Mary E. Guy
Florida State University
The application of the craft, art, and science of management to a context where political values govern the evaluation of success and where the rule of law dictates constraints on administrative discretion. Because political preferences bring policy shifts, the ability to navigate in politicized waters is a skill that is as essential to the public manager as the ability to plan, organize, staff, direct, budget, and perform other standard managerial duties. Public management means "doing" government. And, because politics is a key dimension to government, public management requires mastery of political as well as administrative skills.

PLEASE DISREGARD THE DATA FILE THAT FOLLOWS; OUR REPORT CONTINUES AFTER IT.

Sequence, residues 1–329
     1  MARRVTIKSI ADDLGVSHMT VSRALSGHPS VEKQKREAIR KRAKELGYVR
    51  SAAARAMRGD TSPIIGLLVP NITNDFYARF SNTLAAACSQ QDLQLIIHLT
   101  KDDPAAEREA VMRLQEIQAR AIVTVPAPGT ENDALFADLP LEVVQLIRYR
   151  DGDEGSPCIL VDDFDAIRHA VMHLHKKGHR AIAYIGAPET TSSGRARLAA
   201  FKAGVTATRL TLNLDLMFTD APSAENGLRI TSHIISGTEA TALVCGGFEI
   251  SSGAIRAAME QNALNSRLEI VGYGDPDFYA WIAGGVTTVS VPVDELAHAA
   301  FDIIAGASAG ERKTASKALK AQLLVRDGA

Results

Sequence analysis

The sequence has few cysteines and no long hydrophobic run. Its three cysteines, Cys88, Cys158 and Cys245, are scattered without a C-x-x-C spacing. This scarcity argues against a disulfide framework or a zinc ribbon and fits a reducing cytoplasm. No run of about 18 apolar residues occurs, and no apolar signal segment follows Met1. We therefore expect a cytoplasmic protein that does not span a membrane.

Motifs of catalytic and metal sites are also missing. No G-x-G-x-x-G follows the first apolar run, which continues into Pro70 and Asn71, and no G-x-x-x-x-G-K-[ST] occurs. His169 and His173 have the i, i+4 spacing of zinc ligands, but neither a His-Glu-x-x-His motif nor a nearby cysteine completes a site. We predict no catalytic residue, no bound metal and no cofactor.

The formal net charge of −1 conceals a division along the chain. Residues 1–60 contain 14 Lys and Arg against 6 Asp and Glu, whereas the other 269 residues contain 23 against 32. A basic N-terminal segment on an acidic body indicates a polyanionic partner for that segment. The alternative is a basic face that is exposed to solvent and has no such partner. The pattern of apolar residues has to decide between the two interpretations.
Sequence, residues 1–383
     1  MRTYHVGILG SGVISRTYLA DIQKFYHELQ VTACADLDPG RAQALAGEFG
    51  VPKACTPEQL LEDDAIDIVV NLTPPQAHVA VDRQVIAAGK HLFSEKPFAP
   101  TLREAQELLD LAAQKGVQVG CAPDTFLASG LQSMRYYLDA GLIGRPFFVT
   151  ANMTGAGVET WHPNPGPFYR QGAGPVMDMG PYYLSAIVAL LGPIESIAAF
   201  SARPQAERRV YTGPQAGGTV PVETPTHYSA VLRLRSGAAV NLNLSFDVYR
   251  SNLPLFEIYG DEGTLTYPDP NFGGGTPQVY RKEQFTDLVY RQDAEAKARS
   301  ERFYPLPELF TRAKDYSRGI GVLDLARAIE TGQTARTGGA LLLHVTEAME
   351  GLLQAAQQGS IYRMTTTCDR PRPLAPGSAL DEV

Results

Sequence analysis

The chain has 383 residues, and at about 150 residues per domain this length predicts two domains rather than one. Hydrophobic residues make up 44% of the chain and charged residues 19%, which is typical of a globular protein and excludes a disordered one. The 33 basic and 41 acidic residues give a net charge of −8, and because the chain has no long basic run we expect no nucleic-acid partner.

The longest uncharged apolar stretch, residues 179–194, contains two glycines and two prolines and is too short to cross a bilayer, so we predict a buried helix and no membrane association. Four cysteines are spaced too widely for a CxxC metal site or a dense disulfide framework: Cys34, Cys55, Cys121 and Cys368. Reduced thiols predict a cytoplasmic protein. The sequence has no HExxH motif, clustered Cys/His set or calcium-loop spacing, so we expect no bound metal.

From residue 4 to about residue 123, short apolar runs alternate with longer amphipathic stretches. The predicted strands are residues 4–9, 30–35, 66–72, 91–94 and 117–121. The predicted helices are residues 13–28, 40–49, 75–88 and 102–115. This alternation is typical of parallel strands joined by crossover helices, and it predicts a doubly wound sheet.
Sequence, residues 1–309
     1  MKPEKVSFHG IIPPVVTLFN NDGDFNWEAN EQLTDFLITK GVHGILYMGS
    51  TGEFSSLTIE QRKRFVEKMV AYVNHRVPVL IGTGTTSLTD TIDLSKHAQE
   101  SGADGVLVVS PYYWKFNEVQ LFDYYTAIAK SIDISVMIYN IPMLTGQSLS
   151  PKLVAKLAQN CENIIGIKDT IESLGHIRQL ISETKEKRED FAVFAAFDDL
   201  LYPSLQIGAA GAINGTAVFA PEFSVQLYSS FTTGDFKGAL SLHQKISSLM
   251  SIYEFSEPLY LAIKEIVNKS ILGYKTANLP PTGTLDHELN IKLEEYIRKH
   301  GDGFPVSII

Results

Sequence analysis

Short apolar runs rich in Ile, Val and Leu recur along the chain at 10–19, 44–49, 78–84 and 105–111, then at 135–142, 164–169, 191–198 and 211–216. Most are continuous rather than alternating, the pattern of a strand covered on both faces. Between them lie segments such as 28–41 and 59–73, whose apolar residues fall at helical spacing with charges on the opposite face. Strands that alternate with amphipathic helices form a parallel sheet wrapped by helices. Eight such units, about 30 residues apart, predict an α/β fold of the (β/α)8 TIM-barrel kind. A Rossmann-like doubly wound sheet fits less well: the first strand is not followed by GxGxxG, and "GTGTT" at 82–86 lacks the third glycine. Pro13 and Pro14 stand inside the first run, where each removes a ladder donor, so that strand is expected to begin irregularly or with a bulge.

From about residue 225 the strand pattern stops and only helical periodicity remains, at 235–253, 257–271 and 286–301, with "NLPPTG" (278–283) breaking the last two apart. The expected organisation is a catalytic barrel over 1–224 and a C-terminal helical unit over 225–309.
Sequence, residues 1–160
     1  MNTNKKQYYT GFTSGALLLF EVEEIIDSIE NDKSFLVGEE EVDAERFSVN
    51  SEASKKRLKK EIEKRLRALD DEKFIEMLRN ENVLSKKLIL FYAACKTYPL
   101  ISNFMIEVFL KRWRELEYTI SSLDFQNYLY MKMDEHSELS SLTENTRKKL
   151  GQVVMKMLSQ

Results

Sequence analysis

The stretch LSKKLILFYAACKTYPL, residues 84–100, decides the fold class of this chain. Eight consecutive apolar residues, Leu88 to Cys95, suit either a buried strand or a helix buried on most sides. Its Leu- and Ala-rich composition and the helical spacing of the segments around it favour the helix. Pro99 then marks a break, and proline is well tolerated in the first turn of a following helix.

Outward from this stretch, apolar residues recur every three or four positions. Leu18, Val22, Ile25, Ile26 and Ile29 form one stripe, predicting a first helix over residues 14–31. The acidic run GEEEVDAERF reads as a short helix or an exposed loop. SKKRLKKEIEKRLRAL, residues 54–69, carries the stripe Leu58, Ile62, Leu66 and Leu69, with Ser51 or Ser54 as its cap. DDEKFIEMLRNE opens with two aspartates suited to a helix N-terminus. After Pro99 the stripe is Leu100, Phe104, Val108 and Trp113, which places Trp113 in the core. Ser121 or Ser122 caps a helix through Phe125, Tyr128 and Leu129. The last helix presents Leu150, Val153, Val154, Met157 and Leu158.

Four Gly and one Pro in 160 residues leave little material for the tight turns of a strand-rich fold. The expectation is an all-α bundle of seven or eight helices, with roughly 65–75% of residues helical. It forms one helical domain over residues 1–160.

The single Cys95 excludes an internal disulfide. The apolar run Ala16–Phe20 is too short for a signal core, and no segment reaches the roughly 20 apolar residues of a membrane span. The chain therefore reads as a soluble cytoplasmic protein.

Public managers work in city, county, state, and federal government, as well as special districts. They work in executive, judicial, and legislative agencies in roles as varied as the missions of those agencies. For example, missions range from wastewater treatment plants to foster care for children ; from highway engineers to agricultural extension agents; from welfare services to weather forecasting; from public health services to law enforcement; from public education to firefighting; from national defense to economic development; from environmental protection to emergency preparedness; from tax collection to neighborhood zoning; from parks and recreation facilities to court administration; from public libraries to highway safety; from national research and development laboratories to regulatory commissions. Managing each of these enterprises requires substantive knowledge of the policy arena pertaining to the mission, mastery of generic managerial skills, a keen ability to maximize political